Even as a kid, Kevin Hennig loved to play his guitar outside.
“My guitar would fall off the roof, or fall into the river and get full of water,” he says, laughing.
A few repairs and many, many guitars later, Hennig is now donating guitars to local youth who might like to play them by the trees and shores of Haida Gwaii.
From his home studio in Sandspit, Hennig runs Symphontree Music.
Started as a Vancouver music school in 2008, Hennig has made Symphontree into an online store for hand-crafted guitars made by over a dozen top luthiers, most of whom work in Canada.
One is Reuben Forsland, a luthier from Comox who recently made a guitar using a 3,000 year-oldSitka Spruce top that came from Prince of Wales Island, Alaska.
Slash, the Guns ‘n Roses guitarist, ordered another just like it. Forsland’s next project is a guitar made from the baseboards of Jimi Hendrix’ bedroom.
But of the hundreds of handcrafted guitars Hennig has tried so far — instruments made inMontreal, Toronto, Sweden, the U.K., U.S. and South Africa — the best sounding by far was made by Montreal’s Mario Beauregard using a bear-claw Sitka Spruce top salvaged from Haida Gwaii.
“The top is the heart and the most important thing on the entire guitar, and Haida Gwaii is known for having spectacular spruce,” said Hennig.
“I personally like the sound, and I just love Sitka trees.”
Traditionally, the prized wood for guitars has mainly been Engelmann spruce from Germany or Switzerland, and rosewood from Brazil.
But given the high-quality spruce that can be salvaged from Haida Gwaii, plus new laws that will restrict global trade in rosewood this January, Hennig hopes the market will change.
“It’s become more important for us to actually use sustainable wood that we have here,” he said.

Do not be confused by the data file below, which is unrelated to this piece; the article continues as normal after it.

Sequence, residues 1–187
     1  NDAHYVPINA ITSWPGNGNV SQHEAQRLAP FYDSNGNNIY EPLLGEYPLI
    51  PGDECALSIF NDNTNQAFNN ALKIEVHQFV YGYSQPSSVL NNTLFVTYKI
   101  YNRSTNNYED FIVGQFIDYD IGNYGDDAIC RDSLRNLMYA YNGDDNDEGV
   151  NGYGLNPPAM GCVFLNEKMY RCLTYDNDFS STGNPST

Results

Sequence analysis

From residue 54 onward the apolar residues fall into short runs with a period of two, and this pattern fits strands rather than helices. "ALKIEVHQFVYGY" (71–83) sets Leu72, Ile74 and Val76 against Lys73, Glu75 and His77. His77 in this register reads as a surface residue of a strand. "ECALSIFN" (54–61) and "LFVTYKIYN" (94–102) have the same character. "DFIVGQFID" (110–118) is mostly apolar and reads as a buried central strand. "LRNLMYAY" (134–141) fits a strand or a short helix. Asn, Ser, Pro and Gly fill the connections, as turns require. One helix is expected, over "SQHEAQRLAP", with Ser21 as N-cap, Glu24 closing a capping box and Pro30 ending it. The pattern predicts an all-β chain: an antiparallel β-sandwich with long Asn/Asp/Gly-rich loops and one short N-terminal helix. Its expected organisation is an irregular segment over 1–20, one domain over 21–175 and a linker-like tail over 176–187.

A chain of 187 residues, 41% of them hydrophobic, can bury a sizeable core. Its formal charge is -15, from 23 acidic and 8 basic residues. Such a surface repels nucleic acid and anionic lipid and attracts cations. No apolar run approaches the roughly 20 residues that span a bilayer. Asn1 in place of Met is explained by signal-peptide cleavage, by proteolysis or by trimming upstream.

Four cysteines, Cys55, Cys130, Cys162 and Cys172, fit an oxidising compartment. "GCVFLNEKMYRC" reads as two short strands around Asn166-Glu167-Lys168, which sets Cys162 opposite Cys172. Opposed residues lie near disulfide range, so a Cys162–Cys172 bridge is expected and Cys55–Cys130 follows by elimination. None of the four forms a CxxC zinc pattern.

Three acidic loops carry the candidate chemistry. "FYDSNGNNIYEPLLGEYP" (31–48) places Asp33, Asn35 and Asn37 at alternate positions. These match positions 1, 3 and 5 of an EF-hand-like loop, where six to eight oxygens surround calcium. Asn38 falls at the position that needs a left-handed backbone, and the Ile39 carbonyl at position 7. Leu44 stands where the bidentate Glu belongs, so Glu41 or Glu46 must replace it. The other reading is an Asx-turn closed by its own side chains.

Hennig already has a guitar made almost entirely from Haida Gwaii wood.
Eventually, he hopes to have people like Stéphan Fortier, a luthier who also lives in Sandspit,make guitars whose owners can trace to a single tree. The idea is to use the tree’s GPS coordinates as a serial number.
“At any point in his life, he can look inside his guitar, find the GPS, hop on a plane and come to Haida Gwaii to visit his tree,” he said.
“Nobody’s ever done anything like that before.”
Before Hennig launches that idea, he is already moving on another one — donating one guitar to a young musician on Haida Gwaii for every one that he sells.
Hennig started the one-for-one program six weeks ago, and two guitars set for donation arrived at his front door while talking with the Observer.
Although they are not handcrafted — such guitars can cost tens of thousands of dollars — Hennig said they are well made, from companies like Seagull and Norman.
“My main objective is to take care of the kids first,” said Hennig, who has two young children himself.
Eventually, he would love to see other musicians teach guitar lessons in villages across the islands.
Even now that he handles handmade wonders like Mario Beauregard’s ‘fast set’ guitars — guitars carved so they don’t need any glued braces to hold tension — Hennig still plays them all outside,and finds his best compositions are inspired by walking with them on wooded trails.
“I basically just give them a voice out here on Haida Gwaii, in the forest, and send them to their new owner,” he said.
To find out more about Symphontree’s One-for-One program, visit http://symphontreemusic.com/.